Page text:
The meaningful lyrics explore human nature, religion and beliefs within compact songs with clear vocals, strong melodies and catchy hooks plus plenty of synthesiser and guitar; it’ll sound great live.
Opening with the catchy up-tempo track called ’7′ there’s nice keyboard-melodies and synth-washes (Lloyd George), supporting DC’s lead vocal. ‘She Waits’ is a great head-nodding rocker featuring some splendid guitar work (Robin Harrison) and is cleverly arranged with some Purson-like psychedelic moments and should be a live favourite.
‘Forth Of Fife’ has lovely synth swathes and another highlight is ‘The Gathering’ with up-front keys, plus great bass and strong guitar work with a lovely Marillion-tinged instrumental mid-section…777 delivers well-balanced enjoyable end-to-end listens.
Classic Rock Society (August 2016)
The band has almost completely abandoned the real folky elements in their music; no tin whistles, no mandolin, no traditional folk melodies. Instead you get catchy synth themes and poppy vocal melodies as on the opener 7, a real waltz on She Waits, and metal riffing in The Gathering. They produce very poppy choruses (Nothing to Believe) and re-work the leading theme of Forth of Fife in the next song (The Gathering) without gluing the songs together. There the strength of the vocal lines becomes very apparent. Clifford manages to sing the long lyric lines without any obvious strain, and makes these songs fluid and melodious….
Bonus track October and April is a cover of The Rasmus featuring Annette Olzon song, jointly sung by Clifford and his stunning musical, dancing and acting daughter Soheila. It is a rather cheesy and folky ballad, with acoustic guitar and spinet-like keys sounds that reminded me of the Dan Fogelberg/Emmylou Harris duet Only The Heart May Know on the Innocent Age album. Their voices blend together very well and the sober-but-effective arrangement makes this potential lamentable song a really nice one to listen to. I highly prefer it over the original. 8/10
Dutch Progressive Rock Page (July 2016)
Folk approaches have not entirely disappeared, but are now less frequent. This is perhaps most clear on the track “She Waits”, which is really rocking – a beautiful piece. Among the highlights include the great opener “7″ and the pop/prog “Reaching out” with its anthemic vocals and detailed synth solos. The soft synth number “Paradise Folly” is an excellent album closer.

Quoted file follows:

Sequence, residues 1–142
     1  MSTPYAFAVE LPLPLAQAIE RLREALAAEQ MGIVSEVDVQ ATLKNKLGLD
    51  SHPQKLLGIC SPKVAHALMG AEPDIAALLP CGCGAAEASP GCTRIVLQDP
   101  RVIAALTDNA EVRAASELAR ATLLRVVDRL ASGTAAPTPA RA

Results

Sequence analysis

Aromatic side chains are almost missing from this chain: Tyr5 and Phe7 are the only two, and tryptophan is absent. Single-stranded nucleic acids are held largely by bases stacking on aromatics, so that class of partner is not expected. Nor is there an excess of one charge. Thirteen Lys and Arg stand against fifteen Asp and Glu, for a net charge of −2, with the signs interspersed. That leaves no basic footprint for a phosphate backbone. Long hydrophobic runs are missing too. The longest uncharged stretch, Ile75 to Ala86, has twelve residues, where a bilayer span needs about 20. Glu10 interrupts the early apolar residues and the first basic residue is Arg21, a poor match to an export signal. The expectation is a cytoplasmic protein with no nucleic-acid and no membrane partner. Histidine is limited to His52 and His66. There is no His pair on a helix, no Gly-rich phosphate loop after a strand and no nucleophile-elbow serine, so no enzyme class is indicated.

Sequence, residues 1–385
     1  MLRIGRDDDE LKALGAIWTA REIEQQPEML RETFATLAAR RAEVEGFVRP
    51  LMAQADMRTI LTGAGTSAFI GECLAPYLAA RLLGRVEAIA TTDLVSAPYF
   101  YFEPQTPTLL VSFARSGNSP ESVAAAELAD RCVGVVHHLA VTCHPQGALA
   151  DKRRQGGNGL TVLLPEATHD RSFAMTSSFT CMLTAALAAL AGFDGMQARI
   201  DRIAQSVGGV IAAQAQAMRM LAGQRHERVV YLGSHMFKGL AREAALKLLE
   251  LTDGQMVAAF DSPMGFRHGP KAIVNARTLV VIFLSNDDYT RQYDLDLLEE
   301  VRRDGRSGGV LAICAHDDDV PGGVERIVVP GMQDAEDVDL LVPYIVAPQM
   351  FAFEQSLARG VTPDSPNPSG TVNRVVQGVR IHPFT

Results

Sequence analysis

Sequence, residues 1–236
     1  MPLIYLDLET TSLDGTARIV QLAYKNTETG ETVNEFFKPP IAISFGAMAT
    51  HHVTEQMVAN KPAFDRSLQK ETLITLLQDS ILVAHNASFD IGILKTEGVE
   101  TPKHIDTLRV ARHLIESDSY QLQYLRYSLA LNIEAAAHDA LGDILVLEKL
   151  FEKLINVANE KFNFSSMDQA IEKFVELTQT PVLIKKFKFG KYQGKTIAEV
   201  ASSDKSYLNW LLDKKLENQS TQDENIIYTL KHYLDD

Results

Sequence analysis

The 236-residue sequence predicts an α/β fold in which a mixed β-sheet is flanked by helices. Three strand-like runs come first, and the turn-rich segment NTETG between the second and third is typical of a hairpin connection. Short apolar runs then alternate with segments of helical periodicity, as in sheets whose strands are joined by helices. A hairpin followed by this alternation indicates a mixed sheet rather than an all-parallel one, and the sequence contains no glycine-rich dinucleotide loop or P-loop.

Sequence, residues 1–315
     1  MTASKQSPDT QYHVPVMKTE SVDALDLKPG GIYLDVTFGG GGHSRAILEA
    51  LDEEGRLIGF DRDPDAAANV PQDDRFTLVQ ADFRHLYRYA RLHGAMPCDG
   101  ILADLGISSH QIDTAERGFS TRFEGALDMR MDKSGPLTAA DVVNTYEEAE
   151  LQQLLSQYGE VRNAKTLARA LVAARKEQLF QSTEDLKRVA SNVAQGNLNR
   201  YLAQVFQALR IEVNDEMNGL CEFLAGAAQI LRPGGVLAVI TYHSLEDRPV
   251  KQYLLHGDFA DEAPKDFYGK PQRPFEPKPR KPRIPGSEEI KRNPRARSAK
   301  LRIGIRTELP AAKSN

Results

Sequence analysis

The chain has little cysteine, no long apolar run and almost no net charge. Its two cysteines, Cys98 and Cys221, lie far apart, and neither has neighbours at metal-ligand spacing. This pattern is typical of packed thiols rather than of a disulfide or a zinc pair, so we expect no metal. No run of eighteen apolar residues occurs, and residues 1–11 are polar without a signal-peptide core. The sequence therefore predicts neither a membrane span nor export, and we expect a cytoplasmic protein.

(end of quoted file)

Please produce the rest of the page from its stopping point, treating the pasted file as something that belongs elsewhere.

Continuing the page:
Musik An Sich (Translated – June 2016)
…’Dragonfly’ includes an introduction with acoustic guitar but the tone in general is again neo-prog. ‘Paradise Folly’ is like JETHRO TULL: a beautiful ballad on acoustic guitar, with romantic keyboards, a beautiful voice, loads of emotion and a Gilmouresque solo. ‘October and April’ is an unplugged bonus track with the addition of a female voice. I do not know if all this will please the old fans, but they will gain more fans, because RED JASPER took a serious facelift with this album.
Highlands Magazine (Translated – June 2016)
777 is vintage prog-rock – it should have been recorded in 1974. Lloyd George’s keyboards are the key sound that grounds the album, not with Wakemanesque flight of fancy – well, not much – but with solid swathes of sound. The bass and drums are equally solid with Harrison’s guitars doing the rest. ‘Reaching Out’ is a prime example of the way the band works…there’s a bonus track, a cover of ‘October and April’ from Finnish band The Rasmus to emphasise Red Jasper’s credentials. If you like your rock music layered in pomp and circumstance, you’ll love this.
R2 Magazine (May 2016)
…with “Reaching Out” bringing a brighter tone to proceedings and Robin Harrison’s early Rothery inspired guitar styling taking hold, it’s a genuine, classy highlight of this album. As with the band’s precious release, lyrically the work of writer Clive Barker has inspired the exploration of human nature, religion and belief. Along with an intriguing album cover that evokes the most recent series of American Horror Story (Hotel), the imagery, both physical and mental is strong. When Red Jasper really hit their stride, they easily match that level of atmosphere.
Sea Of Tranquility (May 2016)
The band’s eagerly anticipated follow-up set mines a similar melodic vein as the five musicians explore the vagaries of the human condition via the refreshingly uncluttered delights of ‘Forth Of Fife’, ’7′ and ‘Paradise Folly’.
Kevin Bryan, Regional Newspapers (April 2016)
The glossy anxiety of “7″ introducing a new set of rules, now erstwhile long instrumental passages have left ample room for David Clifford’s vocals that launch the heavy raga of “Blessed With Gold” on a deliciously high note, although sometimes words seem to twist the tunes into slightly repetitive patterns. As a result, the melody which unites “The Gathering” with “Forth Of Fife” could have outstayed its welcome and drown the “Firth of Forth / Firth Of Fifth” reference if not for the songs’ additional turns and distinctly different arrangements. So where others would indulge in countless time signatures, RJ wrap the verses of “She Waits” in waltz and harden its choruses to rock riffs, while giving the despondency of “Nothing To Believe” an anthemic bounce.
Still, where Lloyd George’s cosmic synthesizers make “Reaching Out” a typical art-rock ballad, “Paradise Folly” gets down to an acoustic, spiritual foundation of it all, something that’s stressed on a bonus cover of THE RASMUS’ “October And April” as DC and his daughter Soheila (whose solo album is long overdue) deliver a dramatic duet. There might always be seven reasons not to see it clear, but with “777″ RJ clear this view in spectacular fashion. ****
DMME.net (April 2016)